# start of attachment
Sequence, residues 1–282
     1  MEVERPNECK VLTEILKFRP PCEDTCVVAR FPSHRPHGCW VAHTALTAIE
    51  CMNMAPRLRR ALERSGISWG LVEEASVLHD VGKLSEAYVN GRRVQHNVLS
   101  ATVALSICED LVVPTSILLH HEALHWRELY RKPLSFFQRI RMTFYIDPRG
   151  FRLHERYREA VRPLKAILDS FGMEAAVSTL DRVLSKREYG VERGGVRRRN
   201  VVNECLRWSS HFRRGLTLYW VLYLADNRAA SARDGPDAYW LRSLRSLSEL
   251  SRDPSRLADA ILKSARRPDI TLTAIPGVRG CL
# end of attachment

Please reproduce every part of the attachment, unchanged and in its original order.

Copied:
Sequence, residues 1–282
     1  MEVERPNECK VLTEILKFRP PCEDTCVVAR FPSHRPHGCW VAHTALTAIE
    51  CMNMAPRLRR ALERSGISWG LVEEASVLHD VGKLSEAYVN GRRVQHNVLS
   101  ATVALSICED LVVPTSILLH HEALHWRELY RKPLSFFQRI RMTFYIDPRG
   151  FRLHERYREA VRPLKAILDS FGMEAAVSTL DRVLSKREYG VERGGVRRRN
   201  VVNECLRWSS HFRRGLTLYW VLYLADNRAA SARDGPDAYW LRSLRSLSEL
   251  SRDPSRLADA ILKSARRPDI TLTAIPGVRG CL